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Eating Disorders If you or someone close to you is struggling with an eating disorder, reach out here to ask questions or to receive support for recovery.

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Tilley Offline
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when is it time to say no? - January 7th 2009, 11:22 PM

I dance.
I love to dance.
Ballet, Alternative, Jazz, However the music tells me to dance, I will.

there's comfort in knowing I can at least do one thing right.

My ballet teacher, Andre, Wanted me to be a certain weight.
So, I lost a few pounds. It was hard, but SO satisfactory.

When I showed him I had lost the weight, he demanded I become even lighter, because "imagine how high samuel could lift you then!"

So I lost more weight. and the same thing happened. "Dont you want to be a great Dancer? And get out of this stuffy little town?"

I am still able to lose weight. I want to. I want to be a great dancer. I can do it, I'm just not sure if I should. I dont to get sick.

how much weight is safe to lose when you're 16, xxx , and you dance, run, and ride horses?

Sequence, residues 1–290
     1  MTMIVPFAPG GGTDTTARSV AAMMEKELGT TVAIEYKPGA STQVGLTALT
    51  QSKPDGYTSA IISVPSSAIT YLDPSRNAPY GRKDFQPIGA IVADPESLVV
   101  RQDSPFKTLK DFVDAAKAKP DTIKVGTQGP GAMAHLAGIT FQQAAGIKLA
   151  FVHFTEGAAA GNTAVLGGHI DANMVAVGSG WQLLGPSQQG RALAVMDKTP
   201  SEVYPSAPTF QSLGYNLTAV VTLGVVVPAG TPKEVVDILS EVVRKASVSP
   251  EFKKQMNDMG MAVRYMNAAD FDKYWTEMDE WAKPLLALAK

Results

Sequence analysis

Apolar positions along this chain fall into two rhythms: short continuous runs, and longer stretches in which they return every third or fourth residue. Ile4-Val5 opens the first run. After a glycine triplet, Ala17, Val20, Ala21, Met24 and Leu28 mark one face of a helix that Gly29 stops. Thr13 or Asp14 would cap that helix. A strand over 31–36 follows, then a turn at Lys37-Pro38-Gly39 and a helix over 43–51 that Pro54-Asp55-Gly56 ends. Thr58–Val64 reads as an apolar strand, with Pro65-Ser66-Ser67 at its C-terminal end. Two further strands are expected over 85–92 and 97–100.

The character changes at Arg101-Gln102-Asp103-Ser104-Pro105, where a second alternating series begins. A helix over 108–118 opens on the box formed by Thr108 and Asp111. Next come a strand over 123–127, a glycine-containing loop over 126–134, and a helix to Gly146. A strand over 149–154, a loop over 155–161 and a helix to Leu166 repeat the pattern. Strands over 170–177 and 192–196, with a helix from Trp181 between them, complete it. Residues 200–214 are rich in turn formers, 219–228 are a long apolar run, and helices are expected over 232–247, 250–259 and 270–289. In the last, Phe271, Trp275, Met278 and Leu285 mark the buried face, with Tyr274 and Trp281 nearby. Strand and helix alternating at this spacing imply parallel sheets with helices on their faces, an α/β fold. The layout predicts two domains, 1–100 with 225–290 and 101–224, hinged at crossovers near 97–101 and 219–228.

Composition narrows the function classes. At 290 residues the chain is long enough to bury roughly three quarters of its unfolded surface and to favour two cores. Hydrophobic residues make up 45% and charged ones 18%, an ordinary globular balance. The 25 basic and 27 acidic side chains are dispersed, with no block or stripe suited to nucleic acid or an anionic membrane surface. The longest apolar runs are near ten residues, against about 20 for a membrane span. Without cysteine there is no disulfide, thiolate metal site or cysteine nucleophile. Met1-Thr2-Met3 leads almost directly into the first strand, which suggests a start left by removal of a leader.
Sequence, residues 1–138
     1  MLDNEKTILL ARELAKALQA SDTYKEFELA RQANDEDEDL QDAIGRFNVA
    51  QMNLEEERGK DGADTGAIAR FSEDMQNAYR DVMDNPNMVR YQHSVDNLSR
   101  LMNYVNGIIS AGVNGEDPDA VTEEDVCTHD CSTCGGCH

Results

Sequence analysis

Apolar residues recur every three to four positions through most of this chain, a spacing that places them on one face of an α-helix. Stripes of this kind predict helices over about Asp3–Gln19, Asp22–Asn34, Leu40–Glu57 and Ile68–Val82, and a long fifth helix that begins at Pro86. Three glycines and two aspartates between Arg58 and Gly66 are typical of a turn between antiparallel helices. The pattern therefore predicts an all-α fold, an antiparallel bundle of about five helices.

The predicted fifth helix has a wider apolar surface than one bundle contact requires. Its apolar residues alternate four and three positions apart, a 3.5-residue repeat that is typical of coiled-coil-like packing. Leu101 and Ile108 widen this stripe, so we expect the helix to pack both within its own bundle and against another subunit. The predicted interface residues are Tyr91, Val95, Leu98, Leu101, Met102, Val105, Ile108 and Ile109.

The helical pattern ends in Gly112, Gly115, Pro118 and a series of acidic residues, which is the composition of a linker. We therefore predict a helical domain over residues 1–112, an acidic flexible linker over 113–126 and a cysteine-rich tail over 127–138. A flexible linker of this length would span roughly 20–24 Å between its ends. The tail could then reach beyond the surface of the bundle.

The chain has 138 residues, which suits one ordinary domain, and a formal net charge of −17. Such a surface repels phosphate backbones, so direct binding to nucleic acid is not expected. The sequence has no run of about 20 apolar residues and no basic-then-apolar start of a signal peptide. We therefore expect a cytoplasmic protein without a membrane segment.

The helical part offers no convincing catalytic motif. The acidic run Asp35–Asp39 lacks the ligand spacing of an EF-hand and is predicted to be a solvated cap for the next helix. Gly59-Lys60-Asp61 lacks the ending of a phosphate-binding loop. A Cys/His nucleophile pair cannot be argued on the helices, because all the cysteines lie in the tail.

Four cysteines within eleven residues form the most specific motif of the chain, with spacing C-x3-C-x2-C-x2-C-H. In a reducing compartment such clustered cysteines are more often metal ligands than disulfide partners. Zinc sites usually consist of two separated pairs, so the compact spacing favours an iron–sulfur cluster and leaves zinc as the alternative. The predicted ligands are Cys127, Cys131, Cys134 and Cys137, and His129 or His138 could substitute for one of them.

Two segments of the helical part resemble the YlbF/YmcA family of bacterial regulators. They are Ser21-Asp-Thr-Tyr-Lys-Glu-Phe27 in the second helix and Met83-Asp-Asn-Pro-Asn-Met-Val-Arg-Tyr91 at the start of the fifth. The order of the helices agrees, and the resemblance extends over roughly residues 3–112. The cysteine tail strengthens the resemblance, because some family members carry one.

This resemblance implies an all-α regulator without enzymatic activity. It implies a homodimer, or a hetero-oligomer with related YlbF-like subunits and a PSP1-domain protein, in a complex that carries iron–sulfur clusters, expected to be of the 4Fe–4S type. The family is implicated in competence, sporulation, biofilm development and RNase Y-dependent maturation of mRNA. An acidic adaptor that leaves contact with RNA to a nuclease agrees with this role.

also, how do I stop this...? how do I break the pattern I started? and how do I tell my dance instructor no?

Last edited by Music; January 7th 2009 at 11:40 PM. Reason: Took out height as a precaution
   
  (#2 (permalink)) Old
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Re: when is it time to say no? - January 7th 2009, 11:42 PM

Just say no, no means no. He shouldn't be encouraging you to do this, it's your body and he isn't a doctor, he has no way of knowing if what he's telling you is doing more harm than good.
The only way to know how much you should weigh at your age is to go see your doctor and ask them, it's different for everyone.
If you're having trouble stopping this maybe you'd benefit from talking to a doctor about it? A counselor if you're still in school, a parent, teacher, anybody who you think can help you. The sooner you intervene in this the easier it will be to get out of it.


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Re: when is it time to say no? - January 8th 2009, 06:18 AM

Hi Aurora. I used to be a pretty intense ballet dancer as well, and I made it about to keep my weight constant, rather than lose the weight all of the company dancers and teachers told me to lose--I attempted to be happy with the way I was then, and I can say that I'm pretty happy with the way I am now. You need to tell your teacher that while you do want to take your dancing to the next level, you're not going to sacrifice your health with it. If people can't be happy seeing you perform as YOU, that's something wrong on their part, not yours.